Vatican City State

  • S. H. Steinberg
Part of the The Statesman’s Yearbook book series (SYBK)


For many centuries until Pius IX’s reign, with some comparatively short breaks, the Popes bore temporal sway over a territory stretching across mid-Italy from sea to sea and comprising an area of some 16,000 sq. miles, with a population finally of some 3,125,000 souls. In 1859–60 and 1870 the Papal States were incorporated with the Italian Kingdom. Although, by an Italian law dated 13 May 1871, there was guaranteed to His Holiness and his successors for ever, besides the use of the Vatican and Lateran palaces and the villa of Castel Gandolfo, a yearly income of 3,225,000 lire, this allowance remained unclaimed and unpaid until 11 Feb. 1929, when a settlement of the ‘Roman question’ was arrived at by three treaties between the Italian Government and the Vatican. On that day there was signed: (1) a Political Treaty, which recognized the full and independent sovereignty of the Holy See in the city of the Vatican; (2) a Concordat, to regulate the condition of religion and of the Church in Italy; and (3) a Financial Convention, in accordance with which the Holy See received 750m. lire in cash and 1,000m. lire in Italian 5% state bonds. This sum was to be a definitive settlement of all the financial claims of the Holy See against Italy in consequence of the loss of its temporal power in 1870. The treaty and concordat were ratified on 7 June 1929. The treaty has been embodied in the Constitution of the Italian Republic of 1947.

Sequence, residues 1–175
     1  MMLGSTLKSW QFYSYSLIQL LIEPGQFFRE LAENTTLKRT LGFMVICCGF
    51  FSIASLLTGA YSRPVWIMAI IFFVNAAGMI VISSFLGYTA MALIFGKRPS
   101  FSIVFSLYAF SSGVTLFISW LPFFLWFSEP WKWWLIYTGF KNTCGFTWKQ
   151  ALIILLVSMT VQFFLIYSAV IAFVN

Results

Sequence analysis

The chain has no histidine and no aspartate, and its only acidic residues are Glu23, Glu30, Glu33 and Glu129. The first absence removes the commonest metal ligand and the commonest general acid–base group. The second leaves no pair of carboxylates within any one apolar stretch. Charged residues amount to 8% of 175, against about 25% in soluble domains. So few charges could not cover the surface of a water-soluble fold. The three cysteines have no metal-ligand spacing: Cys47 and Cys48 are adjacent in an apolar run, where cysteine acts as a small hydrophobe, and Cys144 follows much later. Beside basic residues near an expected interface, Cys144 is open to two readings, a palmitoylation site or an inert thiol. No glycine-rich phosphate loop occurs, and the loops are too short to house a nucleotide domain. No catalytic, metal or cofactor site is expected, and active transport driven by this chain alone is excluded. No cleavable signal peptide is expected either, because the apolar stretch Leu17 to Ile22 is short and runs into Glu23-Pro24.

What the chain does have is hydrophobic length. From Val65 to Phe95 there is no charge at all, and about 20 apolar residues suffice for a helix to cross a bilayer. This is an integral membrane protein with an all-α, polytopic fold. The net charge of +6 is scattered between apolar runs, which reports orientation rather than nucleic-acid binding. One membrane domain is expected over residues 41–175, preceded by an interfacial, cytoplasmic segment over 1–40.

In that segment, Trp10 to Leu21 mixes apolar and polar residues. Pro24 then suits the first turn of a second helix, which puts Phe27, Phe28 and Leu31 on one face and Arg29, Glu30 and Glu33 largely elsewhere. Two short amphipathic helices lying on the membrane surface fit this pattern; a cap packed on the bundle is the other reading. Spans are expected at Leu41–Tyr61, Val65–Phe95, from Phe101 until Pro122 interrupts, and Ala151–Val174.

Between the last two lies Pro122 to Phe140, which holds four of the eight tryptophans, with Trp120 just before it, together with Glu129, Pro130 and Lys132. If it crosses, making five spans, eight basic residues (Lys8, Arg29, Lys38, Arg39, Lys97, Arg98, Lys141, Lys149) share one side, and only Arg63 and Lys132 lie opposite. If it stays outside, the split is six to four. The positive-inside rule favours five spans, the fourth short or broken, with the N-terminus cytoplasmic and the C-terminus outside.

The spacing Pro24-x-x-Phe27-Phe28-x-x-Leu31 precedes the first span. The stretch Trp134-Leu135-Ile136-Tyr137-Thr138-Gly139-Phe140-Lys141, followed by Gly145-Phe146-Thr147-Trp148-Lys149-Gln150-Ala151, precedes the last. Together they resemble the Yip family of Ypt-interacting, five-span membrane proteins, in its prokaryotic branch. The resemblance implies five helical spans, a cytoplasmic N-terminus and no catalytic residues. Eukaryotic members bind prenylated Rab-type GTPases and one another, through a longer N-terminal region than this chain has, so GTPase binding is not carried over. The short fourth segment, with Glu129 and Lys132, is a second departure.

Stato della Città del Vaticano


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Copyright information

© Palgrave Macmillan, a division of Macmillan Publishers Limited 1960

Authors and Affiliations

  • S. H. Steinberg
    • 1
  1. 1.The Royal Historical SocietyUK

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